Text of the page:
Turkey's premier earns plaudits for move seen as challenging military. But veto of choice for top post may jolt fragile civilian-Army ties
With action the local press describes as a ``coup'' against the Army, Turkey's civilian government has asserted its authority over the military in a manner unprecedented in recent years. The decision last week not to follow the traditional military line of succession in appointing an armed forces chief of staff has cheered those favoring civilian control of the military, but it has also raised the specter of conflict between the military and civilian authority.
Prime Minister Turgut Ozal startled his countrymen by vetoing the appointment of Gen. Necdet Oztorun, commander of Turkey's ground forces, as the new chief of staff, and naming instead the deputy chief of staff, Gen. Necip Torumtay, to the post.
Although Mr. Ozal has the constitutional authority to make such a move, the military leadership has traditionally handled such appointments within its own inner circle: The high command has always decided and the government approved.
A commentator in Milliyet, a leading daily, said Ozal's action amounted to the ``smashing of a taboo,'' because military institutions and practices in Turkey are not the subject of public discussion nor of criticism and challenge by civilians.
But in this case, Ozal - the first civilian head of government since the 1980 military coup - challenged the wishes of the military leadership. He talked with President Kenan Evren - a former chief of staff who led the 1980 coup - before taking the step and apparently won his support in overriding the appointment.
Ozal's hand appears to have been strengthened by this bold move. Even his critics have welcomed the reassertion of civilian authority. Ereal Inonu, leader of the opposition Social Democratic People's Party, said: ``This is in line with our concept of civilian rule.... Another major step has been taken toward democracy in Turkey.'' Cumhuriyet, a leftist daily, noted that this decision has advanced ``the civilianization and democratization process'' in this country.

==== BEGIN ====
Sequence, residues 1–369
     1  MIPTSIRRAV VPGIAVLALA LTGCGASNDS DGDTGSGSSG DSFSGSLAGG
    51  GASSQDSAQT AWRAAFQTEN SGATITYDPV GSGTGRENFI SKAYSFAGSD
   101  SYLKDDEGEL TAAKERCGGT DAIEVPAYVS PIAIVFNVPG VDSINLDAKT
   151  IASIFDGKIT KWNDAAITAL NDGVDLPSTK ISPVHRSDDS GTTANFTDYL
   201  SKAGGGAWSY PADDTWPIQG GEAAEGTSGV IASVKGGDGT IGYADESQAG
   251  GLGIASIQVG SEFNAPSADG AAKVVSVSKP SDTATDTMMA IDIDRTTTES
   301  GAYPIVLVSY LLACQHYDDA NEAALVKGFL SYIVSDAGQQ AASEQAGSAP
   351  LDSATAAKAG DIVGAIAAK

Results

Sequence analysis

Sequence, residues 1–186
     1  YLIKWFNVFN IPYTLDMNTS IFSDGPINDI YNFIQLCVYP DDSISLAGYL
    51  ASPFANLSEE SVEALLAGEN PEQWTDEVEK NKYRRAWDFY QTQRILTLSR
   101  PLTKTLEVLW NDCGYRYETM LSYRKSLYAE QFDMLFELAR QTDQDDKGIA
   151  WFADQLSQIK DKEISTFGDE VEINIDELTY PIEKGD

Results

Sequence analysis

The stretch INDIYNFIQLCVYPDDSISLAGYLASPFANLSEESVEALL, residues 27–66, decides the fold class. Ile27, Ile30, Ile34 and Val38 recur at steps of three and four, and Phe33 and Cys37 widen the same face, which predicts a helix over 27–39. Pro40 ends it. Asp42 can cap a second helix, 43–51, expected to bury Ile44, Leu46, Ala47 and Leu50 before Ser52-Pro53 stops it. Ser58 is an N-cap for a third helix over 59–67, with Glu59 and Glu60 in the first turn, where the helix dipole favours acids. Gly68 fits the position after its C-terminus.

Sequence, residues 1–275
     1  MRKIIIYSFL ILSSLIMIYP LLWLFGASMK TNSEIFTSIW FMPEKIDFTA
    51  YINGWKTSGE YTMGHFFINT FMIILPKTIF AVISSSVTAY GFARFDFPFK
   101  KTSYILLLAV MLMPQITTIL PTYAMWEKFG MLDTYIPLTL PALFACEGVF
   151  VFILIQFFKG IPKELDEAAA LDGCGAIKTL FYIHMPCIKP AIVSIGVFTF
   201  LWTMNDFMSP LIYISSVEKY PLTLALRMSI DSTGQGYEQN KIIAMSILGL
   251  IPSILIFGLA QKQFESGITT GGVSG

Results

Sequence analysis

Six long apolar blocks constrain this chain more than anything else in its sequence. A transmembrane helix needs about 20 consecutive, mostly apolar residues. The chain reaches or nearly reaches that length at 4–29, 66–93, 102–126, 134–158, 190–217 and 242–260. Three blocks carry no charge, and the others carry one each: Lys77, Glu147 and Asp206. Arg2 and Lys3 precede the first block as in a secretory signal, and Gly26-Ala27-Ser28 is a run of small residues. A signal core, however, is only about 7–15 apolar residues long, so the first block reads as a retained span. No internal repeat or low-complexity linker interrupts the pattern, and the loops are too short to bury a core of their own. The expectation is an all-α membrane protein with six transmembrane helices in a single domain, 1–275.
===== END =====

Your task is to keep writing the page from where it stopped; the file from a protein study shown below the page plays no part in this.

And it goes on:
But General Oztorun, his pride badly hurt, has told reporters that Ozal's behavior would not help democracy. ``This action tends to bring politics into the armed forces,'' he said. ``This may cause serious consequences.''
The move shocked military leaders, and senior officers have complained privately and in public that the dignity and prestige of the armed forces are now at stake.
Western observers rule out any counteraction by the military. But they fear that the military's uneasiness and divergence of views with the present government could continue.
What led Ozal to get rid of Oztorun is widely speculated upon here. Several factors seem to have pushed the prime minister toward the decision. The latest ``incident'' was the ``lack of communications'' between Oztorun and Ozal following the recent Kurdish terrorist attack on a southeastern Turkish village that involved the massacre of 30 people. Ozal was furious that he was not informed about the attack for several hours. He also felt there had been ``some negligence'' in responding to the attack, and ordered an investigation.
Another factor seems to be Oztorun's differing views on several important issues. He has spoken critically in recent months of the government's ``weakness'' toward Islamic fundamentalists. Oztorun is also said to have expressed disapproval of Ozal's liberal economic policies and his ``softness'' toward Greece during last spring's crisis over territorial waters in the Aegean Sea.
Ozal is said to have felt that he and Oztorun would not get along and that this could have caused problems for him in the future.
General Torumtay, the newly appointed chief of staff, is known to be more flexible than Oztorun and is also highly regarded by the United States.
Although the storm caused by Ozal's announcement is beginning to subside, the relationship between the civilian and military four years after the military handed over power to an elected government seems to remain fragile.